FIG. 4B illustrates corresponding decoder 222B (FIG. 3) for decoding the Huffman coded bit stream into the first non-zero-line 120B of the foreground 12B according to one embodiment of the present invention. Specifically, the Huffman decoding 43B is performed by a Huffman decoder 434B according to a Huffman code table 432B. The Huffman-decoded bit stream is then decoded by a run-length decoder 41B, resulting in the first non-zero-line 120B of the foreground 12B.

FIG. 5A illustrates apparatus and method of the encoder 123B (FIG. 1) acting on the block containing all non-all-zero lines 121B following the first non-all-zero line 120B until the end line of the foreground 12B according to one embodiment of the present invention. The block in the bit-plane is firstly encoded by a two-dimensional offset coding 51.

FIG. 5B shows a flow diagram illustrating the two-dimensional offset coding according to one embodiment of the present invention, and FIG. 5C shows a simplified example. In step 510, a first position b1 in the previous line is determined. The first position b1 in the previous line is defined, in the embodiment, as the firstly occurred pixel that (1) has a brightness value different from the current pixel, (2) locates to the right of the current pixel, and (3) locates at the transition of brightness change. For example, b1 in FIG. 5C is the position of the firstly occurred pixel that has the brightness value “1” (white) different from the current pixel (“0” (black)), locates to the right of the current pixel, and locates at the transition from “0” to “1”.

In step 511, a second position a1 in the current line is determined. The second position a1 in the current line is defined, in the embodiment, as the firstly occurred pixel that locates at the transition of brightness change following the pixel under coding (i.e., the pixel just right to the (encoded) current pixel). For example, a1 in FIG. 5C is the position of the firstly occurred pixel that locates at the transition of brightness change (from “1” to “0” in this instance) following the pixel under coding.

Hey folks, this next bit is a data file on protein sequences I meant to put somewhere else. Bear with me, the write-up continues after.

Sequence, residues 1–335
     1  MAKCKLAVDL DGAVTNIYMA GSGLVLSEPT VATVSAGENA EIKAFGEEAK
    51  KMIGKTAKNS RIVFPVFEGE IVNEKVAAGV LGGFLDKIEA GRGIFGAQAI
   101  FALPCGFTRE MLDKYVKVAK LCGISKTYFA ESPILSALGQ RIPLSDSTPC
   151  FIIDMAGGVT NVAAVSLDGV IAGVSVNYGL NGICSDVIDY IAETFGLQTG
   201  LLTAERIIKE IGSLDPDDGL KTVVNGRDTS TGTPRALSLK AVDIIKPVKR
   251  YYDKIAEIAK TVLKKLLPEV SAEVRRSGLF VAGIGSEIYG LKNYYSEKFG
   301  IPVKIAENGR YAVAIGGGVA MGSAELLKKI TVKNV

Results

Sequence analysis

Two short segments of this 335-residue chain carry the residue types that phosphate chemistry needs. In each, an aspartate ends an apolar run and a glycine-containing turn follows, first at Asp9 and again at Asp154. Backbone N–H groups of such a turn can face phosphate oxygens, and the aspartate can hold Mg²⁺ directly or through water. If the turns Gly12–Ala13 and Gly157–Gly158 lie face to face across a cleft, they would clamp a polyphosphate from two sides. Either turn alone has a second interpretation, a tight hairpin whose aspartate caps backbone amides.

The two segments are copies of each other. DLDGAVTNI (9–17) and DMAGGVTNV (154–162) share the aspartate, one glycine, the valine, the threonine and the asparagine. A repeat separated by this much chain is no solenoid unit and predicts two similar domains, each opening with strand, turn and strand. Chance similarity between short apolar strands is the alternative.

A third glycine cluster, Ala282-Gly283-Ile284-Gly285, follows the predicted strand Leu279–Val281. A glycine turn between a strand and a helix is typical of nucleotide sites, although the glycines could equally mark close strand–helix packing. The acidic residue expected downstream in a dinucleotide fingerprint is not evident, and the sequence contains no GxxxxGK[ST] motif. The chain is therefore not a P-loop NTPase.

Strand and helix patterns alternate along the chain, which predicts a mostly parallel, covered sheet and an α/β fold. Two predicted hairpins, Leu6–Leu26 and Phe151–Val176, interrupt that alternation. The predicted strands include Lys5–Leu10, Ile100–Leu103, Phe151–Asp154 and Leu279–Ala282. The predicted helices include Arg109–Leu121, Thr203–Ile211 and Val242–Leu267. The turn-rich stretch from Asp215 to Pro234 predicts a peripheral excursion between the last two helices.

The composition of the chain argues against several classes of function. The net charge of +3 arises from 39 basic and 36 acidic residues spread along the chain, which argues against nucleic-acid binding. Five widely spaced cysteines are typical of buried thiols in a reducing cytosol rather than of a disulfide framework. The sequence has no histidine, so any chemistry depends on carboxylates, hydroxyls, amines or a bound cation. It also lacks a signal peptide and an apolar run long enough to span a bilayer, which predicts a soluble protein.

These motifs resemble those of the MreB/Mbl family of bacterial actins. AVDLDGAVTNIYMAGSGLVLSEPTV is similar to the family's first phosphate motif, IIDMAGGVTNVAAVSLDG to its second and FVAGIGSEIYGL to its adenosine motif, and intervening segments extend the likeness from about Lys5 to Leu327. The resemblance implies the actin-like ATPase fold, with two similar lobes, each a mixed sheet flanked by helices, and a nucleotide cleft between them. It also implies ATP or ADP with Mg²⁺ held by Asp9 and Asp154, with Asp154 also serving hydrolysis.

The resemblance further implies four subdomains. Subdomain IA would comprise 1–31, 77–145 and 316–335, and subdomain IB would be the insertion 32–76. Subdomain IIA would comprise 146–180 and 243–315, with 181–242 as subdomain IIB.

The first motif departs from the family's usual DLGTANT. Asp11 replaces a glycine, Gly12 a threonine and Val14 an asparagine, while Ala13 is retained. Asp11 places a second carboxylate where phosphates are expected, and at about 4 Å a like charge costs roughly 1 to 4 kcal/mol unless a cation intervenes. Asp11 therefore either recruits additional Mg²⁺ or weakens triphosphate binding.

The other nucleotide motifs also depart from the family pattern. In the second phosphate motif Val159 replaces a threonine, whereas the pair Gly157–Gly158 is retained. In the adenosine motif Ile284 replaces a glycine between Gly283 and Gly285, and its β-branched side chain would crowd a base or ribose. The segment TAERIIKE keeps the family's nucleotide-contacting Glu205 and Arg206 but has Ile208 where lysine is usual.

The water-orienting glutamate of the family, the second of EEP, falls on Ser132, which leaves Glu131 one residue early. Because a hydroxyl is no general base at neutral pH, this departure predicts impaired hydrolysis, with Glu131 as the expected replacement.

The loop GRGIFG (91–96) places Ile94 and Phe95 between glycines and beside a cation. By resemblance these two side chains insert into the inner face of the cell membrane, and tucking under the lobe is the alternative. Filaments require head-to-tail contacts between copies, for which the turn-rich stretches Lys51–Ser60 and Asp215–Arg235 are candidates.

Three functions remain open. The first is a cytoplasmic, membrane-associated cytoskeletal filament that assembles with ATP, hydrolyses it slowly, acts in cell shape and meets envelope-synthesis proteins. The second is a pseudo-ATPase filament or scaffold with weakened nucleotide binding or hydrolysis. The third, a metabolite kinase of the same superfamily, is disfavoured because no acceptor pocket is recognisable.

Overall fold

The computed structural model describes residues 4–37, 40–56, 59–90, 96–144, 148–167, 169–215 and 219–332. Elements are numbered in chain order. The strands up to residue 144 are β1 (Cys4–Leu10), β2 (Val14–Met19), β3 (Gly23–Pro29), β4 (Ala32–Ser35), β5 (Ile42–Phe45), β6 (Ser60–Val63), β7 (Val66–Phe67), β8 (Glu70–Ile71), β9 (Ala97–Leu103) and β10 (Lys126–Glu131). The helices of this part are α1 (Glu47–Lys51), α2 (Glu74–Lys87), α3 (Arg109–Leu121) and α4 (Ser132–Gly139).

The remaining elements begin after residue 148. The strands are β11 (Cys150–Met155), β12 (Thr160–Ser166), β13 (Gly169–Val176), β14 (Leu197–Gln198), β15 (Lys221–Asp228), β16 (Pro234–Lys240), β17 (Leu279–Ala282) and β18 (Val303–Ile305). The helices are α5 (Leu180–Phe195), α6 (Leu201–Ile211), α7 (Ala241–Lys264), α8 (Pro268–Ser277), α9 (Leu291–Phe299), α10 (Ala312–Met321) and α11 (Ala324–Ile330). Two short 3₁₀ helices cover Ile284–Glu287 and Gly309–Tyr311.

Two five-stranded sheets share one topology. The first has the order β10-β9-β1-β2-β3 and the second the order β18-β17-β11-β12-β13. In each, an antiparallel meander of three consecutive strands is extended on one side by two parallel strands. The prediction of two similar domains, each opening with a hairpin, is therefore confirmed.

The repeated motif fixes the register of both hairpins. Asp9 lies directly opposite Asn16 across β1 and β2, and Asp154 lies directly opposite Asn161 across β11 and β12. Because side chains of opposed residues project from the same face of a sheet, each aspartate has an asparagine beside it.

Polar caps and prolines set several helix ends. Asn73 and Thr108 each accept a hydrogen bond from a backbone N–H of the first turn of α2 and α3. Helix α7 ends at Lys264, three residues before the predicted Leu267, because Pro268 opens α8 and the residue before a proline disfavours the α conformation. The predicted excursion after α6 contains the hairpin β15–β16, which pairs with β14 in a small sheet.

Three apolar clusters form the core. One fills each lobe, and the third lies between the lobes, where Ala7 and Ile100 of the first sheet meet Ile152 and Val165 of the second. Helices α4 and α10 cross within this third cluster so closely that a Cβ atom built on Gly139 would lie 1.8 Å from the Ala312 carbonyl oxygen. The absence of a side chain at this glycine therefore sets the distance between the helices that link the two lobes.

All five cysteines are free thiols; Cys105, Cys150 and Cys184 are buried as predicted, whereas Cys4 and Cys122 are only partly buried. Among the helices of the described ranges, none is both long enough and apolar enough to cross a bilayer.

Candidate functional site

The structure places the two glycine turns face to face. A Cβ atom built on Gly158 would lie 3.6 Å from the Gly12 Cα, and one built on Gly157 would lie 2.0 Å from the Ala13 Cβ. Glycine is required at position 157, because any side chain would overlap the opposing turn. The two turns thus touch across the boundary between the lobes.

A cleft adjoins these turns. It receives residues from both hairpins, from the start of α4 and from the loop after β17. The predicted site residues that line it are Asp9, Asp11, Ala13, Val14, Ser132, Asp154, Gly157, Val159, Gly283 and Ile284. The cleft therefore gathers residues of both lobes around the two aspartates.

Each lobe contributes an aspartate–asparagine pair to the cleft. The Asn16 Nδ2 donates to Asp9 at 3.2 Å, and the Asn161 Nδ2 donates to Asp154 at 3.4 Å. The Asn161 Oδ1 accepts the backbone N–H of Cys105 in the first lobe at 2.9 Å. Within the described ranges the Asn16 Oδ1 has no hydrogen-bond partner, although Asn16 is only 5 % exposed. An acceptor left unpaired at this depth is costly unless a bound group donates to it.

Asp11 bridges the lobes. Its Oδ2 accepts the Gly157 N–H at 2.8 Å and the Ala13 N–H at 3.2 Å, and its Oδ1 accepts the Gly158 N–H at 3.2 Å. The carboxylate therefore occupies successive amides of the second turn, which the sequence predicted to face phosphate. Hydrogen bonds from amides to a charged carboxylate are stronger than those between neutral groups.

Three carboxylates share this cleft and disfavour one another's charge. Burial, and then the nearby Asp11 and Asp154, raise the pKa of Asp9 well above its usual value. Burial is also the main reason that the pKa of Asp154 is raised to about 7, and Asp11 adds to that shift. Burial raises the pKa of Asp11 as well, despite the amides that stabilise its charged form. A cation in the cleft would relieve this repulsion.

In step 512, an offset between the position a1 and the position b1 is determined. The offset is defined, in the embodiment, as the lateral distance from the position b1 to the position a1. For example, in FIG. 5C, the distance (i.e., the offset) from the position b1 to the position a1 is “−2”.

Referring again to FIG. 5A, the offset code is then subjected to Huffman coding 53. Similarly to FIG. 4A, in the Huffman coding 53, the frequencies (or statistics) of occurrence in the offset codes are collected 530. A Huffman code table 532 is then generated according to these statistics. In the Huffman code table 532, smaller codes are assigned to the offset code with the most-frequent occurrence and longer codes are assigned to the offset code with the least-frequent occurrence. The Huffman coding is performed by a Huffman encoder 534 according to the Huffman code table 532, resulting in Huffman coded bit stream.

FIG. 5D illustrates corresponding decoder 223B (FIG. 3) for decoding the Huffman coded bit stream into the block containing all non-all-zero lines 121B following the first non-all-zero line 120B until the end line of the foreground 12B according to one embodiment of the present invention. Specifically, the Huffman decoding 53B is performed by a Huffman decoder 534B according to a Huffman code table 532B. The Huffman-decoded bit stream is then decoded by offset decoding 51B, resulting in the block containing all non-all-zero lines 121B following the first non-all-zero line 120B of the foreground 12B. Specifically, the offset decoding 51B is performed by an offset decoder 516 accompanied with a storage area 517 for storing previous line data.

According to the embodiment illustrated above, the performance of compression is substantially improved by data (or texture) segmentation. Moreover, the foreground 12B of the OSD images (e.g., FIG. 2A and FIG. 2B) may be further compressed to improve the performance of the OSD display. The embodiment of the present invention is well suitable for the OSD compression and other image with dimension comparable to that of the OSD image, but is also suitable for the compression of images with different dimension.

Although specific embodiments have been illustrated and described, it will be appreciated by those skilled in the art that various modifications may be made without departing from the scope of the present invention, which is intended to be limited solely by the appended claims.

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Classifications
U.S. Classification382/246
International ClassificationG06K9/46, G06K9/36
Cooperative ClassificationH04N19/0026, H04N19/00309, H04N19/00963, H04N19/00957, H04N5/44504
European ClassificationH04N5/445C, H04N7/26A8T, H04N7/26Z12, H04N7/26A8R, H04N7/28, H04N7/26E
Legal Events
DateCodeEventDescription
Feb 26, 2008ASAssignment
Owner name: HIMAX TECHNOLOGIES LIMITED, TAIWAN
Free format text: ASSIGNMENT OF ASSIGNORS INTEREST;ASSIGNOR:CHEN, YING-RU;REEL/FRAME:020559/0060
Effective date: 20080222